United States

Discovery Clears the Way for Stem Cell Alternative

Friday, September 26, 2008
By Rob Stein
The Washington Post

WASHINGTON -- Scientists are reporting they've overcome a major obstacle to using a promising alternative to embryonic stem cells, bolstering prospects for bypassing the political and ethical tempest that has embroiled hopes for a new generation of medical treatments.

The researchers said they found a safe way to coax adult cells to regress into an embryonic state, alleviating what had been the most worrisome uncertainty about developing the cells into potential cures.

"We have removed a major roadblock for translating this into a clinical setting," said Konrad Hochedlinger, a Harvard University stem cell researcher whose research was published online yesterday by the journal Science. "I think it's an important advance."

"This is a huge step forward -- it could be the breakthrough we've been looking for," said Dr. Robert Lanza, a stem cell researcher at Advanced Cell Technology in Worcester, Mass.

Embryonic stem cells are believed to be capable of becoming any type of cell in the body. Researchers hope eventually to use them to create replacement tissue and body parts tailored to individual patients.

But the work has been mired in controversy because the cells were obtained by destroying very early embryos. As a result, President Bush has restricted federal funding for such work.

Scientists last year shook up the scientific and political landscape by discovering how to manipulate genes in adult cells to revert them into the equivalent of embryonic cells -- entities dubbed "induced pluripotent stem," or "iPS," cells -- which could then be transformed into any type of cell in the body. Work since has found that the cells can alleviate symptoms of Parkinson's disease and sickle-cell anemia in mice.

But the first iPS cells were created by ferrying four genes into the DNA of adult cells using retroviruses, which can cause cancer in animals. There was also concern because the viruses integrated their genes into the cells' DNA in the course of transforming them.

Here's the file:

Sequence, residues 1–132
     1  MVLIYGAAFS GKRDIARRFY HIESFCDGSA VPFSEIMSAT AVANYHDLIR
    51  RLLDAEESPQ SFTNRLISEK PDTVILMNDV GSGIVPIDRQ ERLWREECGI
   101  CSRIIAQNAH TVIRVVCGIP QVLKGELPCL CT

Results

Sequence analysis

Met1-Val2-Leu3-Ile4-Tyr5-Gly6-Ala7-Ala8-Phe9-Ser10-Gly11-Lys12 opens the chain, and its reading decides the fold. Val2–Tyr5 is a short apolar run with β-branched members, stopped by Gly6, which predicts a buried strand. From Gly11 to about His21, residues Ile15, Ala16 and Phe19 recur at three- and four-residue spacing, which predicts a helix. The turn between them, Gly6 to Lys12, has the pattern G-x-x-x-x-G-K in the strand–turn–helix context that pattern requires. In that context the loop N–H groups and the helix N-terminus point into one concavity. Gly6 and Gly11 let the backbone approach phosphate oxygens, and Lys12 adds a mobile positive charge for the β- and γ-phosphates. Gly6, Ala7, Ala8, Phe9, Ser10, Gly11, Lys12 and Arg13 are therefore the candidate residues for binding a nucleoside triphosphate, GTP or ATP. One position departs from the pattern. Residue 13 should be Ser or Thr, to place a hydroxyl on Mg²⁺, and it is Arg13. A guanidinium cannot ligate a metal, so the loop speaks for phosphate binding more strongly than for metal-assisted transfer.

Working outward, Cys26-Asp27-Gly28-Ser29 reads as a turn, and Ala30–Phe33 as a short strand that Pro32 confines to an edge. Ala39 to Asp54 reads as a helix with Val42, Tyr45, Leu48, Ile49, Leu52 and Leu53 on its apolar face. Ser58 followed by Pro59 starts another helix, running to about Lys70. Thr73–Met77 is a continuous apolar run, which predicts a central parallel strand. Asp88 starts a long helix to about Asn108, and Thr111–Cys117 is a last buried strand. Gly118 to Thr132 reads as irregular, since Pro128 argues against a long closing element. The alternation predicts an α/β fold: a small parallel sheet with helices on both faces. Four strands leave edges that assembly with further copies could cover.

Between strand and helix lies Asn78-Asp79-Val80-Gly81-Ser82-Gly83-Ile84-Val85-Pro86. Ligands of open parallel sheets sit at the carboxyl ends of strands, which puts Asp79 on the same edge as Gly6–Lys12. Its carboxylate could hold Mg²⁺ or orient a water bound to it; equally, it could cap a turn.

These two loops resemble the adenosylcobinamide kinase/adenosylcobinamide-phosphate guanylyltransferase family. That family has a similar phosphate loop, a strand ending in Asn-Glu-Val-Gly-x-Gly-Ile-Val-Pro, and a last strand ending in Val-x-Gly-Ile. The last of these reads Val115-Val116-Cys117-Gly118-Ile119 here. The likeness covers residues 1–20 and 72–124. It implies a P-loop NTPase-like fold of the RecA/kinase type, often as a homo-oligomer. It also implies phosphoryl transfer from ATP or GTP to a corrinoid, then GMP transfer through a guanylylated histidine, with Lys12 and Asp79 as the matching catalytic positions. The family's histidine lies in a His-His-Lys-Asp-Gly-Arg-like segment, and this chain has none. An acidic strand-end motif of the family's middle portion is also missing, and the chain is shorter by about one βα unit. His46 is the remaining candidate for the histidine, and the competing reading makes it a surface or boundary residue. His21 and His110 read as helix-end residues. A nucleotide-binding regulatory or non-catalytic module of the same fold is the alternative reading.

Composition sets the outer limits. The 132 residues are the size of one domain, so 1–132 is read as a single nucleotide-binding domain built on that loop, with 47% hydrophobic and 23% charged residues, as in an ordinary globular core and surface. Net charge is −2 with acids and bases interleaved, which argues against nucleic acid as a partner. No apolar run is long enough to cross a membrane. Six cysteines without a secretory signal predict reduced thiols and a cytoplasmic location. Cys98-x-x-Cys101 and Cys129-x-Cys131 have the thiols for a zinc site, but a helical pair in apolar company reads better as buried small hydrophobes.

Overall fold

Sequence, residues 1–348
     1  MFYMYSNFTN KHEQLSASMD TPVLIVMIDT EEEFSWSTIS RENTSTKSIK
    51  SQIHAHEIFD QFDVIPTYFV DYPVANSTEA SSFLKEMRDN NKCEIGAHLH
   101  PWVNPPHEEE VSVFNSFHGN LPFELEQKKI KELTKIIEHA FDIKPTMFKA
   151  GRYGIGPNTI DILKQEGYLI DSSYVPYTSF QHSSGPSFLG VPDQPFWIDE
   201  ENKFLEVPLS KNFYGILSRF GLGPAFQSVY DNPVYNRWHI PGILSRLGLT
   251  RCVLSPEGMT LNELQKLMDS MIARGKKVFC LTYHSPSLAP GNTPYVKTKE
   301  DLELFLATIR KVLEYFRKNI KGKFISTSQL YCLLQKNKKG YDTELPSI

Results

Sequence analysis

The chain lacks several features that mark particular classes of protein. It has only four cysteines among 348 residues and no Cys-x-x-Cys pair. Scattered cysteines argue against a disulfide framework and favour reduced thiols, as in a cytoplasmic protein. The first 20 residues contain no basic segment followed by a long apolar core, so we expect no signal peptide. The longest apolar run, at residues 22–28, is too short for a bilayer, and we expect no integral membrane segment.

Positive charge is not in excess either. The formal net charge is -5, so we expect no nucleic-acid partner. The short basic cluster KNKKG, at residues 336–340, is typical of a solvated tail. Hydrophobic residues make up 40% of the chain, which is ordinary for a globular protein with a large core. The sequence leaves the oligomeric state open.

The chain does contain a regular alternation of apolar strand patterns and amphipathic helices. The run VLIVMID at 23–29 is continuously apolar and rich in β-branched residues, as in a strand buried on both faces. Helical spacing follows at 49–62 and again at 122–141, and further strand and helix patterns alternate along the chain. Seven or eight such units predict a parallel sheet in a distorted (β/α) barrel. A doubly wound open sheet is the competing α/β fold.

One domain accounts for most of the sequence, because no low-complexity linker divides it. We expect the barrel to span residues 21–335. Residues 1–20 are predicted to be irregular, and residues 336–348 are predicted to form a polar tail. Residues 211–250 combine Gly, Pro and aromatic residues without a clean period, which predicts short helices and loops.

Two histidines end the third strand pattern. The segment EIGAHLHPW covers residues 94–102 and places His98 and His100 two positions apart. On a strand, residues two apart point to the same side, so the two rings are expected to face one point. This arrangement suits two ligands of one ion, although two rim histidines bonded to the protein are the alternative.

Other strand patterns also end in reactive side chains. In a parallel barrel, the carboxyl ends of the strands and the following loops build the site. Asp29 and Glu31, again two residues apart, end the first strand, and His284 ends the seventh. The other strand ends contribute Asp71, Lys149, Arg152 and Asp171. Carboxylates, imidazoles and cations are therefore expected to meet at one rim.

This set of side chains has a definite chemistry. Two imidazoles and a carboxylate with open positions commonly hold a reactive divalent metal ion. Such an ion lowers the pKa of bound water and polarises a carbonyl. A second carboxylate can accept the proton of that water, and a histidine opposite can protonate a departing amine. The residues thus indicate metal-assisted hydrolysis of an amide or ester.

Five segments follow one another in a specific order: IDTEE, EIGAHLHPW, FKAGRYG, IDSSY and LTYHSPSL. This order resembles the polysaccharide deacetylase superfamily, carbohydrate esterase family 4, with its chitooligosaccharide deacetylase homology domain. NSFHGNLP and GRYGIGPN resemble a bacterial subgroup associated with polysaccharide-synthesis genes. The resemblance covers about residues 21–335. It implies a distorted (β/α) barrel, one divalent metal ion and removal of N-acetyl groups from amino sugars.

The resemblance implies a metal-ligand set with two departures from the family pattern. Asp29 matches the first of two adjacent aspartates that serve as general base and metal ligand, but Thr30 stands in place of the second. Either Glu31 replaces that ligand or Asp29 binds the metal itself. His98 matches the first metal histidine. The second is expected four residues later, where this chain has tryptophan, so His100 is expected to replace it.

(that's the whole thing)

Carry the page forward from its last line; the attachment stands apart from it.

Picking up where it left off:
In the new work, Dr. Hochedlinger and his colleagues used a different type of virus, known as an adenovirus, which does not integrate its genes into a cell's DNA and thus is believed to be harmless, to ferry the same four transformative genes into the DNA of mouse skin and liver cells.

"The adenovirus will infect the cells, but then will clear themselves from the cells. After a few cell divisions, there are no traces of the virus in the cell," he said.

Tests showed that the cells were indistinguishable from embryonic stem cells and could be transformed into any type of tissue -- including lung, brain, heart and muscle.

First published on September 26, 2008 at 9:15 am

FAIR USE NOTICE: This article contains copyrighted material the use of which has not always been specifically authorized by the copyright owner. We are making such material available in our efforts to advance understanding of religious, environmental, political, human rights, economic, democracy, scientific, and social justice issues, etc. We believe this constitutes a 'fair use' of any such copyrighted material as provided for in section 107 of the US Copyright Law. In accordance with Title 17 U.S.C. Section 107, the material on this site is distributed without profit to those who have expressed a prior interest in receiving the included information for research and educational purposes. For more information go to: http://www.law.cornell.edu/uscode/17/107.shtml. If you wish to use copyrighted material from this site for purposes of your own that go beyond 'fair use', you must obtain permission from the copyright owner.